DARTMOOR anglers are rejoicing after improved environmental flows and large-scale restoration projects along the Glenelg River boosted catches of estuary perch and bream.
Large numbers of the fish have moved upstream into the freshwater habitats near Dartmoor, giving many anglers their best ever catches of the species.
Dartmoor Angling Club president Ricky Owens is among the anglers revelling in the fishing.
“You don’t have to be Einstein to work out that the improved fishing in the Glenelg is on the back of improved conditions and flow in the river,” Mr Owens said.
“A lot of the freshwater fishing around Dartmoor is bank and canoe accessible, and the bream and perch are great sport fish,” he said.
Stephen Ryan from the Glenelg Hopkins Catchment Management Authority (CMA) said fish numbers in the Glenelg River at Dartmoor had previously declined when the river stopped running on occasions, forming a series of disconnected pools.
“This creates barriers to fish migrating into the freshwater reaches,” Mr Ryan said.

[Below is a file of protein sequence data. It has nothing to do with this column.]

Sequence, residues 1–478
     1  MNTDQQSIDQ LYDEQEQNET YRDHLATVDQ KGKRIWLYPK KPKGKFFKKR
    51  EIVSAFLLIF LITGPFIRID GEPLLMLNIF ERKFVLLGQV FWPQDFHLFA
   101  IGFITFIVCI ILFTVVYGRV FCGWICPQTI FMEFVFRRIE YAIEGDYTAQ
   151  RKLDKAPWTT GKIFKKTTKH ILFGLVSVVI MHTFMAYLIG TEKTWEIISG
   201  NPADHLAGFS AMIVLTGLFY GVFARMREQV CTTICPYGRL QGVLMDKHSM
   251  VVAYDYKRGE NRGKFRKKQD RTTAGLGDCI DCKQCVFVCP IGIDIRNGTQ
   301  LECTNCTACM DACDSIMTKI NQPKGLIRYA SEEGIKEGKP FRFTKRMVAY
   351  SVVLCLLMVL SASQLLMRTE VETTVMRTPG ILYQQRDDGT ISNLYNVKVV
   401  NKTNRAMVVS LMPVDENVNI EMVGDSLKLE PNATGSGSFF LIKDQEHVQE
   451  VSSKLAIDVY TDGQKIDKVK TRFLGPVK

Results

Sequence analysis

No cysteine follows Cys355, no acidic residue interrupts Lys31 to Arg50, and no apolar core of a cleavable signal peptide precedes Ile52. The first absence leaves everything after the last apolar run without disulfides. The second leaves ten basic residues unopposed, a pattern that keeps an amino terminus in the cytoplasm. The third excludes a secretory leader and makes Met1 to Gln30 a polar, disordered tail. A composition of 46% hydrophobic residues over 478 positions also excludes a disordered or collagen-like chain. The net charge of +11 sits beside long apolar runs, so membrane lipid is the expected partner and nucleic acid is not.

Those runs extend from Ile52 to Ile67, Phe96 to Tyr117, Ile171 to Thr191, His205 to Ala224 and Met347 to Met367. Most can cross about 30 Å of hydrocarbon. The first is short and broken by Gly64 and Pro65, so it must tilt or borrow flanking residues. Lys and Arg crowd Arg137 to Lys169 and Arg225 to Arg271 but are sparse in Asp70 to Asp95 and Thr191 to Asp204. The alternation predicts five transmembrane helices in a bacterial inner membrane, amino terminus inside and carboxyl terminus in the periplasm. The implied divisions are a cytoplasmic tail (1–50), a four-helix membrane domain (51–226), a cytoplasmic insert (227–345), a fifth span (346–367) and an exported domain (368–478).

But with improved flows, local anglers like Martin Doll are targeting areas that in the past didn’t hold fish.
“I have been away from Dartmoor for five years with work, and since returning the fishing has been unbelievable,” Mr Doll said.
“Growing up in the area I have fished the river at Dartmoor,” he said.
“I have listened to stories from the old guys saying that if you are lucky, you might catch a perch or a bream.
“But now you would be unlucky not to catch one.”
Mr Ryan said estuary perch and bream migrated into freshwater habitats in the right conditions. The CMA said while most of the estuary fish species were being caught around Dartmoor, some had also been caught as far north as Casterton and beyond, with some species migrating up to 140 kilometres upstream from Dartmoor.
“Estuary perch and other estuary reliant species have been recently surveyed in and around the Harrow township, and every year they move further and further upstream,” Mr Ryan said.